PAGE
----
Normal Anatomy of the Elbow
The arm in the human body is made up of three bones that join together to form a hinge joint called the elbow. The upper arm bone or humerus connects from the shoulder to the elbow forming the top of the hinge joint.
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Elbows, although are not the weight-bearing joints, they are considered to be most important for functioning of upper limbs and even a minor trauma or disease condition affecting elbow may be painful and limit the movements of upper limbs.
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Cubital Tunnel Syndrome
Cubital Tunnel Syndrome is a condition characterized by compression of the ulnar nerve in an area of the elbow called the cubital tunnel.
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Tennis elbow, also known as lateral epicondylitis, is a condition characterized by elbow pain due to overuse or overstretching of the elbow. The pain is caused from damage to the tendons that join the forearm muscles to the elbow.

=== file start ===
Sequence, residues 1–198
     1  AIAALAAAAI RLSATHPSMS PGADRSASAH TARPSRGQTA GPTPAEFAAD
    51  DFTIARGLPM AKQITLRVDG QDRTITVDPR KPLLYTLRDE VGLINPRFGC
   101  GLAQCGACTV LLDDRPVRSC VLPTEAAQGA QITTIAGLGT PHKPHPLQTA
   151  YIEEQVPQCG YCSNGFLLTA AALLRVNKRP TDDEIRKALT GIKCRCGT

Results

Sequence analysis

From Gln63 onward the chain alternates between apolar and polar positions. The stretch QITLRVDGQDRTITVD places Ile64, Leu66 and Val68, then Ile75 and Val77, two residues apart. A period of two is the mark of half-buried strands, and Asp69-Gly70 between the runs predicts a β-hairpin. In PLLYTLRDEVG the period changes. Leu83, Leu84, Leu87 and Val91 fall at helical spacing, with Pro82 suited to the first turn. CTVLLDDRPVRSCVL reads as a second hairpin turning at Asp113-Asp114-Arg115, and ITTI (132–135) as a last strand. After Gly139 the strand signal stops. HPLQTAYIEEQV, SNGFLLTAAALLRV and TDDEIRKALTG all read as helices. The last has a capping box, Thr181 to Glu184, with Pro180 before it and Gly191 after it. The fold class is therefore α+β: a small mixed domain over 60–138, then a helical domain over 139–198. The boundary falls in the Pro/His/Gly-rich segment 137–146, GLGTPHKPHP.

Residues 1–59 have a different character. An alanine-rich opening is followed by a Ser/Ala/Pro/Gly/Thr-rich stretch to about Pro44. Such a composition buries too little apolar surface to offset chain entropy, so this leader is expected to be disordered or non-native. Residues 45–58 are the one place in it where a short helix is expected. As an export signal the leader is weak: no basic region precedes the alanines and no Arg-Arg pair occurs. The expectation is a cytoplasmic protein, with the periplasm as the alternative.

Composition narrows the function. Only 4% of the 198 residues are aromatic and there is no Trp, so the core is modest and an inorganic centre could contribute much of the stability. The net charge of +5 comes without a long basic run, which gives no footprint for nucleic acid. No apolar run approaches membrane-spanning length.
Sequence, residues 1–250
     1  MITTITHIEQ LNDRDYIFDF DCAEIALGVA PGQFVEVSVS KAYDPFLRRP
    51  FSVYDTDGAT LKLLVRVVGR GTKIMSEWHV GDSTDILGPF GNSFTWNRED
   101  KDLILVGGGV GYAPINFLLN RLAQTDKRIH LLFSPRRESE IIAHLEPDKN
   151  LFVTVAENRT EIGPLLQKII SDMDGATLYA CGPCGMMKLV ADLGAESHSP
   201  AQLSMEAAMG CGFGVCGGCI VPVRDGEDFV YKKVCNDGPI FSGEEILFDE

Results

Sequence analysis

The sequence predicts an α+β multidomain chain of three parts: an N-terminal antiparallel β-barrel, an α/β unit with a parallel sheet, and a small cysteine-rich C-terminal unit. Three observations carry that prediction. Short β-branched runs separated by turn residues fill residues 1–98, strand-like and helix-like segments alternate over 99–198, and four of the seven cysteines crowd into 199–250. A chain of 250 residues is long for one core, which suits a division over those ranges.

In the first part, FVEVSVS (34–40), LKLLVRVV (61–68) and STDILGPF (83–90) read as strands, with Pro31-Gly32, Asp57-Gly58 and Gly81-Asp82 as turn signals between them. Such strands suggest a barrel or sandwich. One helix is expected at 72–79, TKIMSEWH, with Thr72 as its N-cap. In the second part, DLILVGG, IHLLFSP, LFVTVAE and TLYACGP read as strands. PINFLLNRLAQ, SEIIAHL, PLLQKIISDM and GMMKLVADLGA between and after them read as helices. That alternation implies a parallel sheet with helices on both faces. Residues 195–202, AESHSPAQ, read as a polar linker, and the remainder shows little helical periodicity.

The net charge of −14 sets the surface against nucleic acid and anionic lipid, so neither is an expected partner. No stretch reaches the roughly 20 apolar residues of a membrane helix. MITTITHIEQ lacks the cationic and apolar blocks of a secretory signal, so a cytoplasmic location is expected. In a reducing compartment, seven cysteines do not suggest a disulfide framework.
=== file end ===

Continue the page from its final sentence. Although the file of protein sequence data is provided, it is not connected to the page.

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Elbow Ligament Injury
The elbow is a complex joint of the upper limb formed by the articulation of the long bone of the upper arm or humerus and the two bones of the forearm, namely, radius and ulna. It is one of the important joints of the upper limb and is involved in basic movements such as flexion and extension of the upper limb and rotation of the forearm.
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An elbow fracture results from a break or crack in one or more of the bones that make up the elbow joint. There are two types of elbow fractures:
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